“They aren’t child prostitutes; they’re rape victims,” she said. “They’re often not seen as victims of crime. This is the only form of child abuse where the response is to criminalize the children.”

Counties are in a position to start the healing when a survivor of human trafficking gets out of “the life,” but they can do more.

“We could do a great job on the social services side but that wasn’t going to solve the problem,” Greene said. “We have to attack demand.”

Counties can disrupt trafficking through their justice, law enforcement and business licensing operations that come in contact with victims and perpetrators. Vafa said training judges and court staff to recognize the signs of human trafficking in people who come into the courthouse could serve as lookouts and interception points for victims. Requiring businesses such as motels to post information directed at victims of human trafficking could give them vital information and an escape route when they have the opportunity.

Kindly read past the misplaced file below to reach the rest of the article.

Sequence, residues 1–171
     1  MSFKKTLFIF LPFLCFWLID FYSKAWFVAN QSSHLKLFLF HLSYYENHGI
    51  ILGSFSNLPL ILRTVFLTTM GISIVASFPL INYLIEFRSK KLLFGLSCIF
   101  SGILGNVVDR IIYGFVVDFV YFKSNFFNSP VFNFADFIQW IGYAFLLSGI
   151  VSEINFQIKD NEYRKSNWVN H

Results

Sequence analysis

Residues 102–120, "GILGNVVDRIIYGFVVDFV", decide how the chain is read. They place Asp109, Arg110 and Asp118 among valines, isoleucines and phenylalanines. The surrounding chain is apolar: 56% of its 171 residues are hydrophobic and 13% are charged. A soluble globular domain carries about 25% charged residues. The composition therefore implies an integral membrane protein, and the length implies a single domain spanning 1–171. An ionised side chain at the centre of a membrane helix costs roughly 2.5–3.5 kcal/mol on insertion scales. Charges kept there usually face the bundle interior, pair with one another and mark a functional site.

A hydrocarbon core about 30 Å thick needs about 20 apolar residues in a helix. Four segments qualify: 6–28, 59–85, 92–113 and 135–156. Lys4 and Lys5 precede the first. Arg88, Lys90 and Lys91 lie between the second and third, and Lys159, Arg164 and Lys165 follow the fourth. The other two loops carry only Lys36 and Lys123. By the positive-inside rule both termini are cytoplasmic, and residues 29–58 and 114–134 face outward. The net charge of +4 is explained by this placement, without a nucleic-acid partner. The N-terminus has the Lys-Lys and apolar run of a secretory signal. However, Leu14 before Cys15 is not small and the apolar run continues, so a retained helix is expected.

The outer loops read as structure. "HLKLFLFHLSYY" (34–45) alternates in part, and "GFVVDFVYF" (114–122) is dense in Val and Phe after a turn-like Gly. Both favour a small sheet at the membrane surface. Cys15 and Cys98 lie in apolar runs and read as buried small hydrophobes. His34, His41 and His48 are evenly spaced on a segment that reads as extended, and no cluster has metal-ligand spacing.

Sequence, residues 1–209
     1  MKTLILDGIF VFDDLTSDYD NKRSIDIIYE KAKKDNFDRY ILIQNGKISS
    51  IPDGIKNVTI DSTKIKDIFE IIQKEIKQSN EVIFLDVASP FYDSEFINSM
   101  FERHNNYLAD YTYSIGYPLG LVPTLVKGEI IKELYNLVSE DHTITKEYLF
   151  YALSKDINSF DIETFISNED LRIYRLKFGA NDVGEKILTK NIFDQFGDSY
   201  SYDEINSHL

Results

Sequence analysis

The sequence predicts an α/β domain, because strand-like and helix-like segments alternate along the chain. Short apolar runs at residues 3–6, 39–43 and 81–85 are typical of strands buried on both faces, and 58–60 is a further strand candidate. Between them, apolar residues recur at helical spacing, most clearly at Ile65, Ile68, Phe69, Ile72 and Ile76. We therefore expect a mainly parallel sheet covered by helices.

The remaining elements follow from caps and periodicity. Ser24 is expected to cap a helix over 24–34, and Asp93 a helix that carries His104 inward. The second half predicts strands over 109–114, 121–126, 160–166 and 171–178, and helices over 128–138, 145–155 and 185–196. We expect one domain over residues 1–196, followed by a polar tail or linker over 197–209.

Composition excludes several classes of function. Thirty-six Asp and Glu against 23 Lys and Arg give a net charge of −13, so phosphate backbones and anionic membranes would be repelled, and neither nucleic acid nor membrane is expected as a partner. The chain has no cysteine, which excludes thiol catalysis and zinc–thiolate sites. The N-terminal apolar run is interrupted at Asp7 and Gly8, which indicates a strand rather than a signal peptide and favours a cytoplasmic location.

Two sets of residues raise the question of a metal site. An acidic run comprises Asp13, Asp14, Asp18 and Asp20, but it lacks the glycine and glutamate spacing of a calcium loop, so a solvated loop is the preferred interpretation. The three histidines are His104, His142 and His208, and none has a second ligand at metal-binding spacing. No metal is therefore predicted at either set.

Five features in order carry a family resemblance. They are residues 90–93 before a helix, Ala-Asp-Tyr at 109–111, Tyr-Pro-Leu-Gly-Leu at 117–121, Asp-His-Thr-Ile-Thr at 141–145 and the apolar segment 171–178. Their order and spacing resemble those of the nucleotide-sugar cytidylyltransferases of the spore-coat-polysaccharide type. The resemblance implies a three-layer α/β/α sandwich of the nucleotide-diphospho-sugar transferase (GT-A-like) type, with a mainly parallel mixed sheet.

And the most important thing, practitioners agree, is a mandate from elected officials to do something about trafficking. Los Angeles County became a leader in fighting human trafficking after former Supervisor Don Knabe learned how prevalent it was and directed nine county departments to work together to form a response.

“It got a lot easier to make things happen when the Board of Supervisors was behind us,” said Michelle Guymon, director of the Child Trafficking Unit with Los Angeles County Probation Department.